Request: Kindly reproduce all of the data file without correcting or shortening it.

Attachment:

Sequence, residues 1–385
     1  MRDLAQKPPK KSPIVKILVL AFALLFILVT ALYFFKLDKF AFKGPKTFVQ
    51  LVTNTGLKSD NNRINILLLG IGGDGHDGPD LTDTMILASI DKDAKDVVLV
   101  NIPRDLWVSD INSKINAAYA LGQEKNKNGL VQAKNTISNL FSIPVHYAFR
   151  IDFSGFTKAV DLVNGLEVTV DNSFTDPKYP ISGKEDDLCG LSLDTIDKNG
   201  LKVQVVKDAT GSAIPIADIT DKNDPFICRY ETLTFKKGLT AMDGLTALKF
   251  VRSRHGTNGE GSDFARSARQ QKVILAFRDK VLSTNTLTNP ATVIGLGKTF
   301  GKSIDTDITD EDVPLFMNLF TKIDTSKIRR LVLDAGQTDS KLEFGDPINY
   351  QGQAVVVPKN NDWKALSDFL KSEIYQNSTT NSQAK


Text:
Sequence, residues 1–385
     1  MRDLAQKPPK KSPIVKILVL AFALLFILVT ALYFFKLDKF AFKGPKTFVQ
    51  LVTNTGLKSD NNRINILLLG IGGDGHDGPD LTDTMILASI DKDAKDVVLV
   101  NIPRDLWVSD INSKINAAYA LGQEKNKNGL VQAKNTISNL FSIPVHYAFR
   151  IDFSGFTKAV DLVNGLEVTV DNSFTDPKYP ISGKEDDLCG LSLDTIDKNG
   201  LKVQVVKDAT GSAIPIADIT DKNDPFICRY ETLTFKKGLT AMDGLTALKF
   251  VRSRHGTNGE GSDFARSARQ QKVILAFRDK VLSTNTLTNP ATVIGLGKTF
   301  GKSIDTDITD EDVPLFMNLF TKIDTSKIRR LVLDAGQTDS KLEFGDPINY
   351  QGQAVVVPKN NDWKALSDFL KSEIYQNSTT NSQAK